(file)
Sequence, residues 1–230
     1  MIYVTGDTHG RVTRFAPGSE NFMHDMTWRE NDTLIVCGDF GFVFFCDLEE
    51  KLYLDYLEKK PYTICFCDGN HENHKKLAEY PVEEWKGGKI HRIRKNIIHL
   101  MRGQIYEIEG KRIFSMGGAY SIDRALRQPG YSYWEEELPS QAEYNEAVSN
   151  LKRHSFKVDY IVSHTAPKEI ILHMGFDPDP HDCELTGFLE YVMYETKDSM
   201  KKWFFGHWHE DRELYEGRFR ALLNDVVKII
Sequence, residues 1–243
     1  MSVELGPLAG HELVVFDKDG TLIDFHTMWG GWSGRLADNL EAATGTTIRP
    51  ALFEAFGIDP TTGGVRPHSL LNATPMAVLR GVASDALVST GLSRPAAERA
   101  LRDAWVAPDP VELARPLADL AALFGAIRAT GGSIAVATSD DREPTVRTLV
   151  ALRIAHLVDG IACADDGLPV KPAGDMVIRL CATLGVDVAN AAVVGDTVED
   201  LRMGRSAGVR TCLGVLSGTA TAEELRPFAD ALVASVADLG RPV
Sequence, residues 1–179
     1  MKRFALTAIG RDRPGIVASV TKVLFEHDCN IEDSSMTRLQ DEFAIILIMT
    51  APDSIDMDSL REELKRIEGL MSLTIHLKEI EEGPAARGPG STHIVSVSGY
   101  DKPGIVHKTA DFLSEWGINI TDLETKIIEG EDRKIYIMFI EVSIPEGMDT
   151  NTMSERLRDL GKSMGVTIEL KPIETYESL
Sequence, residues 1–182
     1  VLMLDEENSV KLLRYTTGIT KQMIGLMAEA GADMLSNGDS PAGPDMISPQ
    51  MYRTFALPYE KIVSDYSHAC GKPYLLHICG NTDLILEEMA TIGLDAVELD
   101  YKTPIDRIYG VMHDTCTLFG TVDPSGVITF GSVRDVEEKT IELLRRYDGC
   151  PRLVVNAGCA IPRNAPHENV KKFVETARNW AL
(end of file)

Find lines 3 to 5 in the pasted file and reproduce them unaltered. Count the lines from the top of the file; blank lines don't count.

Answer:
    51  KLYLDYLEKK PYTICFCDGN HENHKKLAEY PVEEWKGGKI HRIRKNIIHL
   101  MRGQIYEIEG KRIFSMGGAY SIDRALRQPG YSYWEEELPS QAEYNEAVSN
   151  LKRHSFKVDY IVSHTAPKEI ILHMGFDPDP HDCELTGFLE YVMYETKDSM